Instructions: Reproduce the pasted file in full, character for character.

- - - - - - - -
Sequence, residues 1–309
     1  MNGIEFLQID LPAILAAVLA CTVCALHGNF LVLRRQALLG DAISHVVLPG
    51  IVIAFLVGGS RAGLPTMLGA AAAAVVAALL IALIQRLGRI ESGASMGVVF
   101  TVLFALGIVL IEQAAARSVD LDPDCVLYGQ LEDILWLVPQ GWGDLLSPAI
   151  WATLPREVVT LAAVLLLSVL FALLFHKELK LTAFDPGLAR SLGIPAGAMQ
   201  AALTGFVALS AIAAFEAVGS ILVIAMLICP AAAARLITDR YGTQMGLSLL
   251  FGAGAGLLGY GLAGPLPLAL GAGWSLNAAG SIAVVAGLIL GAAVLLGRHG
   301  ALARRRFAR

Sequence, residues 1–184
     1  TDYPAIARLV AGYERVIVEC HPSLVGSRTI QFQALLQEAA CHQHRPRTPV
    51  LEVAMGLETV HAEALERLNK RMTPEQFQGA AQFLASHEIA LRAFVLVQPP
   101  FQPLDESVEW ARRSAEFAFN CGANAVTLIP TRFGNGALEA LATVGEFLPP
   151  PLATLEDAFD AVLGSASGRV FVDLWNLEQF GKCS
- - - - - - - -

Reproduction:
Sequence, residues 1–309
     1  MNGIEFLQID LPAILAAVLA CTVCALHGNF LVLRRQALLG DAISHVVLPG
    51  IVIAFLVGGS RAGLPTMLGA AAAAVVAALL IALIQRLGRI ESGASMGVVF
   101  TVLFALGIVL IEQAAARSVD LDPDCVLYGQ LEDILWLVPQ GWGDLLSPAI
   151  WATLPREVVT LAAVLLLSVL FALLFHKELK LTAFDPGLAR SLGIPAGAMQ
   201  AALTGFVALS AIAAFEAVGS ILVIAMLICP AAAARLITDR YGTQMGLSLL
   251  FGAGAGLLGY GLAGPLPLAL GAGWSLNAAG SIAVVAGLIL GAAVLLGRHG
   301  ALARRRFAR

Sequence, residues 1–184
     1  TDYPAIARLV AGYERVIVEC HPSLVGSRTI QFQALLQEAA CHQHRPRTPV
    51  LEVAMGLETV HAEALERLNK RMTPEQFQGA AQFLASHEIA LRAFVLVQPP
   101  FQPLDESVEW ARRSAEFAFN CGANAVTLIP TRFGNGALEA LATVGEFLPP
   151  PLATLEDAFD AVLGSASGRV FVDLWNLEQF GKCS